Drive past souvenirs from the province’s history on its winding roads
Everywhere there are relics of Nova Scotia’s better days, though also of a province that, reconciled to things as they are, is far from giving up. This was the province once home to prosperous mines and the world’s most munificent fishing grounds; once Canada’s shipbuilding capital and its commercial centre.
That province no longer exists, but along its roads and shores is the evocative detritus of these ended days. Boats that once trawled ocean beds now sit beached upon the dunes. Wooden fish plants stand empty along degraded piers, the painted emblems of their enterprise fading in the salt air.
See how locals are breathing new life into the landscape around Sandy Cove
If there is no story to tell, someone will make one up. The imagination is stirred to explain the mystery of ruins and find new purpose for the seemingly redundant.
“We don’t have artists round here, just people who make stuff”
Outside Sandy Cove on the Digby Neck, lobster traps that are no longer needed become the walls and arches of Graham’s Port, the folly of an out-of-work Digby Neck fisher. He also sells doormats made out of discarded rope, just as the “hookers” (that would be the rug-hooking women) of Nova Scotia, Maud Lewis included, made—and continue to make—rugs out of surplus strips of fabric. Leave your thirty dollars in the tin; it’s an honour system.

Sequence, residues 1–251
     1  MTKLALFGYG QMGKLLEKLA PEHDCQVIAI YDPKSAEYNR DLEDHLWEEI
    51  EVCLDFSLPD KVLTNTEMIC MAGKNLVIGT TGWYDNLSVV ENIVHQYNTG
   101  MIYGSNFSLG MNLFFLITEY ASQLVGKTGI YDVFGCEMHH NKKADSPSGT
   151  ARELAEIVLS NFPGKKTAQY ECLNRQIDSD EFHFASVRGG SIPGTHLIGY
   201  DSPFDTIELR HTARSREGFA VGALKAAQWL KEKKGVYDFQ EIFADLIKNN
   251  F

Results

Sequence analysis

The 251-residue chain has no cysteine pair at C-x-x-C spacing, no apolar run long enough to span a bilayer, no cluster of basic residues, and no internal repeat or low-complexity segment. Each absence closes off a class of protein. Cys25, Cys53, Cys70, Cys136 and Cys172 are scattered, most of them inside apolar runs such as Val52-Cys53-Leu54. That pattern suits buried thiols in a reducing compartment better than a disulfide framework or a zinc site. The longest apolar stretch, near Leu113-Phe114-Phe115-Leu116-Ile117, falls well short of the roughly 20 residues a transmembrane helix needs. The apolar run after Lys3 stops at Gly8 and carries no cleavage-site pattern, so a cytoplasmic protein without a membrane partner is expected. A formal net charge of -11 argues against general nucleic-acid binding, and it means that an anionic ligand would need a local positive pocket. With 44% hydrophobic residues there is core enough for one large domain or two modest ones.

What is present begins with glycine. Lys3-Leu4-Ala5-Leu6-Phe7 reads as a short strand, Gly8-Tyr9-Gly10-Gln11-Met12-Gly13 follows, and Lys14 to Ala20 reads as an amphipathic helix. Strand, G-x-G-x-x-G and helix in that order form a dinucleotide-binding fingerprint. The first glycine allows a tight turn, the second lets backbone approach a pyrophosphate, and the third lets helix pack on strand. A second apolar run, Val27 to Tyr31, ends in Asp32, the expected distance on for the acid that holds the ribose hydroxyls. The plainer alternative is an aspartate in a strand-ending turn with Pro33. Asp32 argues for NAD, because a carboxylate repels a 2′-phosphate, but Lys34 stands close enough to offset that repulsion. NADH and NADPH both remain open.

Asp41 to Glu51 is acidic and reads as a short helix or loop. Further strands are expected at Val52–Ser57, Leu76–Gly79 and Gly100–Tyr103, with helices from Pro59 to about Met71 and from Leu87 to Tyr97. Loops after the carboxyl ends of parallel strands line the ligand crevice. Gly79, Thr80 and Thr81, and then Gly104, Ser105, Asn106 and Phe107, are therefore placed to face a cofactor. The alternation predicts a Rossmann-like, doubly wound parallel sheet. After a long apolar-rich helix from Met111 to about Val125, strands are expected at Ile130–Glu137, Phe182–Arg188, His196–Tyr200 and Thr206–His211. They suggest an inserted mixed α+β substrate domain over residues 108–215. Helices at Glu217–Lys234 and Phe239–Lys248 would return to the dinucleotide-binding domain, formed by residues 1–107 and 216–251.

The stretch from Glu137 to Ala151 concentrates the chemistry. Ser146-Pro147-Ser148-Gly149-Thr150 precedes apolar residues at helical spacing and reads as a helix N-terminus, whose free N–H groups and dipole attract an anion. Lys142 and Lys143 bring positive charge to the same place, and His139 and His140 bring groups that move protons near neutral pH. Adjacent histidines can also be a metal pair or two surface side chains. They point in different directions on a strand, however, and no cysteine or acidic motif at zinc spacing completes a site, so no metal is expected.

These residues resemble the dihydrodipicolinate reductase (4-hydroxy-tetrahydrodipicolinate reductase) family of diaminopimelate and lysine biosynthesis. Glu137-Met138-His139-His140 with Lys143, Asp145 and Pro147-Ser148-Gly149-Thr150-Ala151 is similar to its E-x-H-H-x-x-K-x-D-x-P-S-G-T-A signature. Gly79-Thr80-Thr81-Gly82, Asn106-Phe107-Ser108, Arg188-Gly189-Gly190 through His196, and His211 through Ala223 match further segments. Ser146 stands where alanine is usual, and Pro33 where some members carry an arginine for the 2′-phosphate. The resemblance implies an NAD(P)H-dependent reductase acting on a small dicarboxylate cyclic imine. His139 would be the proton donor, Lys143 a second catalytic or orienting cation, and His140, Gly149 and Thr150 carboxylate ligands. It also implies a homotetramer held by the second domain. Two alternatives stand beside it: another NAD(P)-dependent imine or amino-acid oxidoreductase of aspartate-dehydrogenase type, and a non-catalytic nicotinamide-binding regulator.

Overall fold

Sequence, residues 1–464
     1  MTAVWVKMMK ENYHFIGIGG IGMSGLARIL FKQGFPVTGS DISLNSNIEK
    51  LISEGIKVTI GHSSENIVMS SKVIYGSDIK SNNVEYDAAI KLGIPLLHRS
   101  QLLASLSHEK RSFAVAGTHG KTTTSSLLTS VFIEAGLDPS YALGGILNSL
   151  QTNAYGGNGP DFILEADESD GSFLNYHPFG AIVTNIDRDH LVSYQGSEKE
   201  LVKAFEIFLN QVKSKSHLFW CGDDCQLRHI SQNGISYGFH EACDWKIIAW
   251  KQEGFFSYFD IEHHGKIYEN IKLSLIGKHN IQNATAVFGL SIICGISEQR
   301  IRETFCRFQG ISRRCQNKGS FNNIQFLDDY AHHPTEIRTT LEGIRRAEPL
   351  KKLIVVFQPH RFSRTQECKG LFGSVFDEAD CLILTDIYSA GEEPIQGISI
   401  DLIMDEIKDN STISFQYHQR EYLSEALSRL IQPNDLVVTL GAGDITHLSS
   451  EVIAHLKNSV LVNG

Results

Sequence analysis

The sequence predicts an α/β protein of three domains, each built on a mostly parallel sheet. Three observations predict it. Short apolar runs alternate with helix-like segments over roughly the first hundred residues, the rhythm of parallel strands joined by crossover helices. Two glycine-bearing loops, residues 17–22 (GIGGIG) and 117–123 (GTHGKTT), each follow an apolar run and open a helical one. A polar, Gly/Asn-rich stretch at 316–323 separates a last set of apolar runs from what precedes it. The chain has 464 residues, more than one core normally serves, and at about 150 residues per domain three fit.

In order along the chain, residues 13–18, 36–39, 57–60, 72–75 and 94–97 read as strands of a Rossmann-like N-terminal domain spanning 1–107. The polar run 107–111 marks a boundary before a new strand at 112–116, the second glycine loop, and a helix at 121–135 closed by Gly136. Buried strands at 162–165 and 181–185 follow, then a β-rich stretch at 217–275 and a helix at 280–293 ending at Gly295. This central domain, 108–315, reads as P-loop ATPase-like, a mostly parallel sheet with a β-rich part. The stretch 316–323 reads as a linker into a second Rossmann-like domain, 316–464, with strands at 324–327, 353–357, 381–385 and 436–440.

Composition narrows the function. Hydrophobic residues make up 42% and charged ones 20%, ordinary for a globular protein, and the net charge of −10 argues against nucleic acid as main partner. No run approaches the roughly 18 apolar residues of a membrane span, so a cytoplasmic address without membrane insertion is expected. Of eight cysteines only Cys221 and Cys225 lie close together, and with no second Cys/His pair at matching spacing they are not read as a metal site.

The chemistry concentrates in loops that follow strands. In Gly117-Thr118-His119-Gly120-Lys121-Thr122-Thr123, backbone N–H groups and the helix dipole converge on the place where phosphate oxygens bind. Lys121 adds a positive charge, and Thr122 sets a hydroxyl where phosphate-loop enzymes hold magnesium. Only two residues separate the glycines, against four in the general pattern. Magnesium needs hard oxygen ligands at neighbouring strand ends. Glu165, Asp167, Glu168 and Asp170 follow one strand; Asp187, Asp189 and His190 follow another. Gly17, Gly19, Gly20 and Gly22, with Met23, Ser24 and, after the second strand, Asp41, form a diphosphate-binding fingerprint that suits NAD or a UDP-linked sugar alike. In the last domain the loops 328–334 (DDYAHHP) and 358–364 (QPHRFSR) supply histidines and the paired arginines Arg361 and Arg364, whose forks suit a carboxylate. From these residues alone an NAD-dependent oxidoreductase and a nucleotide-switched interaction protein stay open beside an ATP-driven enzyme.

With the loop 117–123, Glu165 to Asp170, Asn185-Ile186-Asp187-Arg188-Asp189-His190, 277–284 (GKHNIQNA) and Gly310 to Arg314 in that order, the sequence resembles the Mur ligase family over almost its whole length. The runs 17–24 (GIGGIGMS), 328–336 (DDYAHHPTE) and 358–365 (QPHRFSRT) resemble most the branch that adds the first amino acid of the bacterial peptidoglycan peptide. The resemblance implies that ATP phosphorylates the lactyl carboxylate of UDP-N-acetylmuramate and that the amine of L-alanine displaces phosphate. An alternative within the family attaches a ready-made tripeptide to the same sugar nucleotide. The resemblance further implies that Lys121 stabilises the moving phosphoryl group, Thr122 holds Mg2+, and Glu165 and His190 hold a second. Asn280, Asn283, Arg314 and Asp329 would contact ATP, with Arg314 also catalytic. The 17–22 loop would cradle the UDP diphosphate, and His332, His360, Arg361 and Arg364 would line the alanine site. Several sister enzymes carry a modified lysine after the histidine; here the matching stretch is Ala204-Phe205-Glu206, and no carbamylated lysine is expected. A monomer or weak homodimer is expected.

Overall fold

Discover homespun businesses that showcase Nova Scotian innovation
“Use what you have to get what you do not” is a maxim often attributed to the great and pioneering Nova Scotian Moses Coady, the socialist reverend who founded the co-operative Antigonish Movement in the 1920s. And so you’ll find a fish-smoker with a simple, almost imperceptible sign on his driveway. (You’ll need to get out of the car and talk to people to find it, but they’ll tell you.) Another local sells dulse (the dried seaweed used to flavour soups or to be chewed), and others still run an oyster hatchery, a lavender farm and that house by the highway (see below) with art for sale pinned to its white clapboard exterior.
Everywhere is the evidence of Nova Scotians leaving the mark of their adoration, of the decisions each has made to live on their own terms, and the art that proclaims their love of home. Says Kemp Stanton, a retired fisher on the Digby Neck, “Oh, we don’t have artists round here, just people who make stuff.”
IF YOU GO
Where to stay:
A stunning log-built resort with a bar and restaurant, and a patio overlooking the water near the Northumberland Strait.
A historic hotel in Wolfville that transports the visitor a century back—though chef Nelson Penner’s excellent cooking is very much of the moment.
A sprawling former railway hotel that’s still a treat with a spa, restaurant, beautiful swimming pool and a golf course, too.
The Cooper’s Inn
A heritage property on the historic Shelburne waterfront.
Where to find local curiosities:
Barry Colpitts’ folk art
Barry Colpitts’ white clapboard house, adorned with his folk art, is impossible to miss on Marine Drive just south of East Ship Harbour on the Eastern Shore.
Stroll fragrant fields and browse the shop off Highway 6 in the town of Seafoam.
Watch for the rope mats when heading south on highway 217 just before you reach Sandy Cove (which, incidentally, has perhaps the best beach on the Digby Neck).
Heading out of province?
Make sure you’re covered with CAA Travel Insurance.
Image credit: Noah Richler